Saint-Siméon Cathedral was built between 1865 and 1868 in brick, according to the project of the architect of the city of Brest V. Polikarpov. The cathedral was built on a former monastery church, which burned down several times and finally closed together with the monastery in 1824. In 1865 the relics of St. Athanasius were brought to the new church. During the Soviet era, the church was abandoned and had to be restored in 1988.
As in many former Soviet socialist republics, much of the Belarusian religious heritage has been destroyed. Despite the repression of the Orthodox faith during the long Soviet era (1920-1991), some Orthodox cathedrals survived abandonment and dilapidation.
St. Alexander Nevski's Cathedral was built between 1864 and 1868 on the graves of Russian soldiers who died in a battle with French troops on July 15, 1812. In the 1960s, the cathedral was closed and adapted to become a branch of the State Archives of the Brest region. In 1989, it was returned to the Orthodox community and was restored from 1990 to 1993.
The Cathedral of the Transfiguration is an Orthodox church built at the beginning of the 19th century as part of a monastery, abolished in 1832 and subsequently destroyed. The monastery church, built in the Renaissance style, was later transformed into the Orthodox Cathedral of the Transfiguration. The temple was destroyed in the 1950s, and since 2000 it has been restored.
Pokrovsky Cathedral was built in brick in 1904-1905 according to the design of the architect Mikhail Mikhailovich Prozorov (1860-1914). The cathedral was built in memory of the soldiers who died during the Russian-Japanese war. Its size and style make it very similar to the Daugavpils Cathedral of Saints Boris and Gleb, the largest Orthodox cathedral in Latvia.
The Cathedral of the Resurrection of the Lord is an Orthodox church, a good example of Russian-style architecture in Belarus. Before the construction of the modern cathedral, there was a wooden church, built between 1620 and 1648, which burned down in the 1860s. The present cathedral was therefore erected between 1874 and 1907. The cathedral was built by highly skilled masons from Ivyanets, and artists Elishevsky and Trutnev (Russian) from Vilnius were invited to decorate the interior.
St. Nicholas Cathedral is an Orthodox church that was first mentioned in the 16th century. It changed its location at the beginning of the 19th century and was rebuilt in 1835. In 1892-94, the wooden church of the time was replaced by a new stone building. In Soviet times the church was closed and in 1964 it was converted into a swimming pool. In 2003, the entire church building was handed over to the faithful.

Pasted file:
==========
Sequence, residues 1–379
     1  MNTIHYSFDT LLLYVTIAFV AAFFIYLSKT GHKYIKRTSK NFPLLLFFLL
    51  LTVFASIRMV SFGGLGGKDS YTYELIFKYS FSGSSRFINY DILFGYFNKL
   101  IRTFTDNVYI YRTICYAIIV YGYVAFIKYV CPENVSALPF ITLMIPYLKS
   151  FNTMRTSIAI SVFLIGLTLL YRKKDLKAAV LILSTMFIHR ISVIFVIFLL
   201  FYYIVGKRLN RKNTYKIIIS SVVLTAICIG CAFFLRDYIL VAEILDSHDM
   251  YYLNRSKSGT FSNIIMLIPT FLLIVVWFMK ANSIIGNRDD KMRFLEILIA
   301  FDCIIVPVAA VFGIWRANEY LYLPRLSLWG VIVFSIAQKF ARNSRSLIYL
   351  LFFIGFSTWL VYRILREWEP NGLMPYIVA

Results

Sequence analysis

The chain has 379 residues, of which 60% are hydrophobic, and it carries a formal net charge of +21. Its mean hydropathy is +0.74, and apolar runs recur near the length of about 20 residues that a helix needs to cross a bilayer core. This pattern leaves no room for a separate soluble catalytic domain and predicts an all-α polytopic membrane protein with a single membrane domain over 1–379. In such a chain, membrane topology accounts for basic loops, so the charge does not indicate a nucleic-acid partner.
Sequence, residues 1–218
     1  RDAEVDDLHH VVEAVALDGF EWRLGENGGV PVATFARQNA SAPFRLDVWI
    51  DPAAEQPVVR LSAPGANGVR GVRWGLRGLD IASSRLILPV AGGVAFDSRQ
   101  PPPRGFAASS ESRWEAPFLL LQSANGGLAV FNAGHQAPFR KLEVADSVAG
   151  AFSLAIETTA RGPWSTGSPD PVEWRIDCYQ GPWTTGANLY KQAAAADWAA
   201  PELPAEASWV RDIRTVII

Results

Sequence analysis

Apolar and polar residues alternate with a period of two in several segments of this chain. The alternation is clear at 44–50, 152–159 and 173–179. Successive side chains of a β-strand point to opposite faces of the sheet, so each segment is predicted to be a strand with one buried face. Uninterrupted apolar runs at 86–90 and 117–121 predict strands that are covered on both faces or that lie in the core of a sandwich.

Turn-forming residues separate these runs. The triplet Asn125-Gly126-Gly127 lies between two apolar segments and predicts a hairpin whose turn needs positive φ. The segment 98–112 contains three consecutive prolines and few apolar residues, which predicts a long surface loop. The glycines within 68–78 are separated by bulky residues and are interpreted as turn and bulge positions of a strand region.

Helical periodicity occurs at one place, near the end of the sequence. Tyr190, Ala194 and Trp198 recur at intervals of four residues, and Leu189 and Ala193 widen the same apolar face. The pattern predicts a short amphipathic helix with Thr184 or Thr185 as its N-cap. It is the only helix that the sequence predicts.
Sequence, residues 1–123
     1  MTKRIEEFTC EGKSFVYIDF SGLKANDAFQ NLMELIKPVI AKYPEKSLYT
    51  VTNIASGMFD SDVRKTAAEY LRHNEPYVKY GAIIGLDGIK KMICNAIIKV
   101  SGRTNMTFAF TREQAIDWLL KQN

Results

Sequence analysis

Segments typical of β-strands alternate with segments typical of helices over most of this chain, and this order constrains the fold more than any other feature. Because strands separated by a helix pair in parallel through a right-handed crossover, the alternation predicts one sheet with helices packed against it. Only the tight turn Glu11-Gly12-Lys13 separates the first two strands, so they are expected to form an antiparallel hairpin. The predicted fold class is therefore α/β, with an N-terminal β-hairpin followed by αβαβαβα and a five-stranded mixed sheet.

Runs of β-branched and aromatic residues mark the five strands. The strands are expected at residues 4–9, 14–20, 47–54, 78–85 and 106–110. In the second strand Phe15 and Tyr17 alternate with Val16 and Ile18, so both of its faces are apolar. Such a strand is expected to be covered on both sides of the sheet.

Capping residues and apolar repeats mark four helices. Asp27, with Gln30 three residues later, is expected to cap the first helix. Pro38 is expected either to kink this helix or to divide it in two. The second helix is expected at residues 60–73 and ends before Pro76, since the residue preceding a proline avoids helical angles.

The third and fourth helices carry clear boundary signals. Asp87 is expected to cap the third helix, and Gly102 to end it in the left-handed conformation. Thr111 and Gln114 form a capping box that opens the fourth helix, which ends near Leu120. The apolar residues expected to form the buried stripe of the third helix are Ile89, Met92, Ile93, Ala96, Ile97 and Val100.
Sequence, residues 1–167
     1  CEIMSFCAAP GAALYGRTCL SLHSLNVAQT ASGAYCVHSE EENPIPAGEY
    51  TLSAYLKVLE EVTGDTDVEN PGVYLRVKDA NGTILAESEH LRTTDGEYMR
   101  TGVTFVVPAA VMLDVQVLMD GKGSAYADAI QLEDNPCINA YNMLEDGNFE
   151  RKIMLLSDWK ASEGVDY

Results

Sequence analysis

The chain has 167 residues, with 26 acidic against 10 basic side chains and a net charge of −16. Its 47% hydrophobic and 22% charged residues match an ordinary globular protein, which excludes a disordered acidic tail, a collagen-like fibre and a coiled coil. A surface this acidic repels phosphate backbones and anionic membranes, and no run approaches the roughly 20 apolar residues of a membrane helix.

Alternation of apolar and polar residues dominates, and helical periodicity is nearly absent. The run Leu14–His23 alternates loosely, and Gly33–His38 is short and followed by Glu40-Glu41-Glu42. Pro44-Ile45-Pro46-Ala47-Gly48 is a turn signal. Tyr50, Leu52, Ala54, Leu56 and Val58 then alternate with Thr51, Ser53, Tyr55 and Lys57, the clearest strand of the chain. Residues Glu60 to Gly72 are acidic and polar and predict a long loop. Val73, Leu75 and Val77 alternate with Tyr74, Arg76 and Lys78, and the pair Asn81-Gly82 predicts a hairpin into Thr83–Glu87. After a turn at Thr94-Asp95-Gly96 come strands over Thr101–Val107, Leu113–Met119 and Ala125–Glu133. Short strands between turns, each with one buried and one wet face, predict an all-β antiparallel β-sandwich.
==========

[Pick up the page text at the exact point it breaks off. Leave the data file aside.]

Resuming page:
The Peter and Paul Cathedral is an Orthodox church, one of the best examples of classicism in Belarusian architecture. It was built between 1809 and 1819 by the architect John Clark. In 1907 the church became a cathedral. In 1929, the cathedral was closed by the local authorities, and from 1932 it housed exhibitions of the local history museum. The cathedral underwent major changes: the bell tower was destroyed, crosses were torn down, bells were dropped, and rich church utensils as well as icons were looted. After the Second World War, the cathedral became a planetarium, which was closed in 1985. In 1989, after restoration work, the temple was returned to the faithful.
The Cathedral of the Epiphany is an Orthodox church which is part of the complex of the former Monastery of the Epiphany, an architectural monument of the 18th century. In 1761, the monks began the construction of the present cathedral, which is made of stone. The cathedral was consecrated on 5 August 1777. Three fragments of frescoes from the second half of the 18th century have been preserved. In the cathedral was the famous list of the miraculous Iberian Icon of the Mother of God, whose paternity was attributed to the Evangelist Luke.
The Cathedral of Saints Boris and Gleb is a 16th-century Orthodox cathedral. The present church was founded in 1517 by Lithuanian Prince Konstanty Ostrogski and Metropolitan Joseph Soltan. In the 17th century, the church passed into the hands of the Uniates (Greek Catholics). The church returned to the Orthodox Christians after the dissolution of the Union in the annexed territories in 1839. The church was rebuilt by the Russians in the years 1873-1875 in the pseudo-Russian style. The building remained in use until 1961 when it was closed down and adapted for an archive. The Russian Orthodox Church received the church in 1996.